The GDP in this area (Osaka and Kobe) is $341 billion, making it one of the world's most productive regions, a match even for Paris and London. And MasterCard Worldwide reported Osaka is 19th ranking city of the world's leading global cities and the instrumental role in driving the global economy.
The name Keihanshin is constructed by extracting a representative kanji from Kyoto (京都), Osaka (大阪), and Kobe (神戸), but using the On-yomi (Chinese reading) instead of the corresponding Kun-yomi (Japanese reading) for each of the characters taken from Osaka and Kobe.
The Urban Employment Area is a metropolitan area definition developed at the Faculty of Economics of the University of Tokyo. This definition is analogous to the Metropolitan Statistical Area concept used to delineate metropolitan areas in the United States. The basic building blocks are municipalities.
The core area is the set of municipalities that contain a densely inhabited district (DID) with a population of 10,000 or more. The Urban Employment Area is called Metropolitan Employment Area, when its core area has 50,000 DID population or more. Otherwise, the area is called Micropolitan Employment Area. A DID is a group of census enumeration districts inhabited at densities of 4,000 or more persons per km². Outlying areas are those municipalities where 10% or more of the employed population work in the core area or in another outlying area. Overlaps are not allowed and an outlying area is assigned to the core area where it has the highest commuter ratio.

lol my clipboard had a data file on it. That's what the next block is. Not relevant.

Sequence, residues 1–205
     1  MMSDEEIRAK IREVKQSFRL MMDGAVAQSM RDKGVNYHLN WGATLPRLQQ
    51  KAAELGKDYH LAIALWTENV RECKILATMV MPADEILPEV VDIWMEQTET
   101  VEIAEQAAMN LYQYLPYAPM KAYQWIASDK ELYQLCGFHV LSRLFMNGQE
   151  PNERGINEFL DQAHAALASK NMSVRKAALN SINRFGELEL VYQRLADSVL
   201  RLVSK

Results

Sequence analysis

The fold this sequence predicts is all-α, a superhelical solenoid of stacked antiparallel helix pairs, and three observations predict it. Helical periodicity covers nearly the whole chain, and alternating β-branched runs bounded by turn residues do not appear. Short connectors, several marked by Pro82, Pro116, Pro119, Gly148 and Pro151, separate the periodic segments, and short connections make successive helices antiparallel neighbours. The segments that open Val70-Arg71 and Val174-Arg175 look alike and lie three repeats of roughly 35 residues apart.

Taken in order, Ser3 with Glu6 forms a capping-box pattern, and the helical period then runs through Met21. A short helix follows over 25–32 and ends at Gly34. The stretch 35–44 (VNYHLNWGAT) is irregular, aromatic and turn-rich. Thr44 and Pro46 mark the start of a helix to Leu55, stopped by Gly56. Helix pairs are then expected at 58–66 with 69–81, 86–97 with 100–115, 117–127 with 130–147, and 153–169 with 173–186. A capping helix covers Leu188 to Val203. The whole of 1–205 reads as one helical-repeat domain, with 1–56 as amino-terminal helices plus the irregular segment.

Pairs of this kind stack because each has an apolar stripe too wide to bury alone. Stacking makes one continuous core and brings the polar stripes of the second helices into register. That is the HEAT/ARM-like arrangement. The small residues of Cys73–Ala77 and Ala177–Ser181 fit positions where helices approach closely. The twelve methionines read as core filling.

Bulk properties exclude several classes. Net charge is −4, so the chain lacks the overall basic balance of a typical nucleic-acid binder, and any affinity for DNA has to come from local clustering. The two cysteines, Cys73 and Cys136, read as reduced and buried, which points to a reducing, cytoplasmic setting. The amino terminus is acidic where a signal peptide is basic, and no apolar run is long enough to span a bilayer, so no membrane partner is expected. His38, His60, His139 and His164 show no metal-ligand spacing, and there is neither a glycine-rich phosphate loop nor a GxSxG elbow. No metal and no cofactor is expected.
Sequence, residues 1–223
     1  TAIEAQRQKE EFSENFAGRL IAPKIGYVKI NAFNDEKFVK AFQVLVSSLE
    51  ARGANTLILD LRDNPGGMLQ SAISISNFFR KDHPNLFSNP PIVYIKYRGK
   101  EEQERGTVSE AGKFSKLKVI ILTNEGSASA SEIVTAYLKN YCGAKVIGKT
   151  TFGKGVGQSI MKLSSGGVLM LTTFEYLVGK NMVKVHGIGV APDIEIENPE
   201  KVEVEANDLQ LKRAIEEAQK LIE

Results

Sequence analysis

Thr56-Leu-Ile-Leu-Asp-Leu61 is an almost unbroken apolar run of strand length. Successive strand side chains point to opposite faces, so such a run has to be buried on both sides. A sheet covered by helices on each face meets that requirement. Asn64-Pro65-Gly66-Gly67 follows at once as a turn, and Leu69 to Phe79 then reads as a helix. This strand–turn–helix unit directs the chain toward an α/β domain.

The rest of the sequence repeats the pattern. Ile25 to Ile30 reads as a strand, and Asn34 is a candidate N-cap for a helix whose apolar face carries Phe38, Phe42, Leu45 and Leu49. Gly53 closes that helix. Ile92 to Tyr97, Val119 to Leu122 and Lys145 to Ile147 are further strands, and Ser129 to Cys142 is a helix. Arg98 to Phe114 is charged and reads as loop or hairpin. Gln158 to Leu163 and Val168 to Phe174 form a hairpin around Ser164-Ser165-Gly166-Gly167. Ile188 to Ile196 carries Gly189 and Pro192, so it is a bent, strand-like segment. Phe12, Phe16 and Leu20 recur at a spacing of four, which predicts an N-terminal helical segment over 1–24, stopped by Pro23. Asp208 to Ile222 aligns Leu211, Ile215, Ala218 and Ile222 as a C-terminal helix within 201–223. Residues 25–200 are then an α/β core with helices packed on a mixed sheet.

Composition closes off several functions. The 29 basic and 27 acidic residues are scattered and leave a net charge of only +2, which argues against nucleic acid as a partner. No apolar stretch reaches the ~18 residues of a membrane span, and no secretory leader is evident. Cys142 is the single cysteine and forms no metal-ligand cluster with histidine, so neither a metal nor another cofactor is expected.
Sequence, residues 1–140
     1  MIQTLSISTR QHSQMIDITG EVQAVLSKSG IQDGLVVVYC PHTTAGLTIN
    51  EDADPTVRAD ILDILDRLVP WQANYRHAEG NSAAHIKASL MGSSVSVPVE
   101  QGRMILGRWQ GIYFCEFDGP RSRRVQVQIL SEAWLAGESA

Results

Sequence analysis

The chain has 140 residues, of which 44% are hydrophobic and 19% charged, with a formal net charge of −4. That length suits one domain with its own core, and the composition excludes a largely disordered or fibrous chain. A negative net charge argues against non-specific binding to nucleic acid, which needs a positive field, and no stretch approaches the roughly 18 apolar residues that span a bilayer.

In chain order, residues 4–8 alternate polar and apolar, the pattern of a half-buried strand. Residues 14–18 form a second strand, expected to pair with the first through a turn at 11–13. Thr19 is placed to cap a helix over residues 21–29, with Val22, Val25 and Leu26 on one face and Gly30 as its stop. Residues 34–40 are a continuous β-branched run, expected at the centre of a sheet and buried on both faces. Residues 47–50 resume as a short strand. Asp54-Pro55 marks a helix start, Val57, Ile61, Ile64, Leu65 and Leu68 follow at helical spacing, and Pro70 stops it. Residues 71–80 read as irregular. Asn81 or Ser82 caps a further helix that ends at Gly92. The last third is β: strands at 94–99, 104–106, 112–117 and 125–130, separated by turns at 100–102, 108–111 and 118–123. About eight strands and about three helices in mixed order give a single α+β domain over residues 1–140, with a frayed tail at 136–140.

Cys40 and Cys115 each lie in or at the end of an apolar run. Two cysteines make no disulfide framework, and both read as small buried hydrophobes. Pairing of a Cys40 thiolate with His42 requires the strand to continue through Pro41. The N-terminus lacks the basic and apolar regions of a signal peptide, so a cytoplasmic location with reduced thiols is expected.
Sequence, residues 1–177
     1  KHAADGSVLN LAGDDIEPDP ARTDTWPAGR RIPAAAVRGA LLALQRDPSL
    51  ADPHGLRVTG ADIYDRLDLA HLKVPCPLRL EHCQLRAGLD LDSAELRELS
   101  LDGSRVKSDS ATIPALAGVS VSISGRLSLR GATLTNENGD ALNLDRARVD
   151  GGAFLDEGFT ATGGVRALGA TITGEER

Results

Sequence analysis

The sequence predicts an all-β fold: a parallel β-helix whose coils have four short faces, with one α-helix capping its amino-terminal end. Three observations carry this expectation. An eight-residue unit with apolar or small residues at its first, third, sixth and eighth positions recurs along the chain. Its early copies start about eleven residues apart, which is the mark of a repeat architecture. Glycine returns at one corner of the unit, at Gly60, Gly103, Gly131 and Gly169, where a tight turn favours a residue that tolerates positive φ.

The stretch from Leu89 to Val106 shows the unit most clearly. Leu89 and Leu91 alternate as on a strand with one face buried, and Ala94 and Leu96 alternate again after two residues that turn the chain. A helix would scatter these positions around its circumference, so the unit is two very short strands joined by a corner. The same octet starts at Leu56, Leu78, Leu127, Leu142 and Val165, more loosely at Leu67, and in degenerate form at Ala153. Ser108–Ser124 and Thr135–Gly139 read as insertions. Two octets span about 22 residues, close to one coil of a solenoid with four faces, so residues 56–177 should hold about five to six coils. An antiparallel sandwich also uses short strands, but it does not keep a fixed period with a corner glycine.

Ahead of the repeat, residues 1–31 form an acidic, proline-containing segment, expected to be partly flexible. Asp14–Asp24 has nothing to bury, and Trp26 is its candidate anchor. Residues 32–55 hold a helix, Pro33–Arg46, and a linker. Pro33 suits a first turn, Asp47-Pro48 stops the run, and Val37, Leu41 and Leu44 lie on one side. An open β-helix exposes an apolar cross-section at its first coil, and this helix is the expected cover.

This definition assigns a Metropolitan Employment Area to the following cities of the Keihanshin region: Osaka, Kobe, Kyoto, Himeji, and Wakayama. The lists below indicate which cities belong to which metropolitan area. Towns and villages are not listed.
The Japan Statistics Bureau defines the Major Metropolitan Area or MMA (大都市圏) as the set of municipalities where at least 1.5% of the resident population aged 15 and above commute to school or work in a designated city (defined as the core area). If multiple designated cities are close enough to have overlapping outlying areas, they are combined into a single multi-core area. In the 2000 census, the designated cities used to define the Keihanshin MMA were Osaka, Kobe, and Kyoto.
This region consists of the combination of the metropolitan areas of Osaka, Kobe, Kyoto, and Himeji, and additionally includes several periurban areas (particularly in southern Shiga Prefecture) that are not part of the four metropolitan areas. The additional cities are (towns/villages are not listed):
As of 2000, the entire Keihanshin region had a population of 18,643,915 over an area of 11,169 km².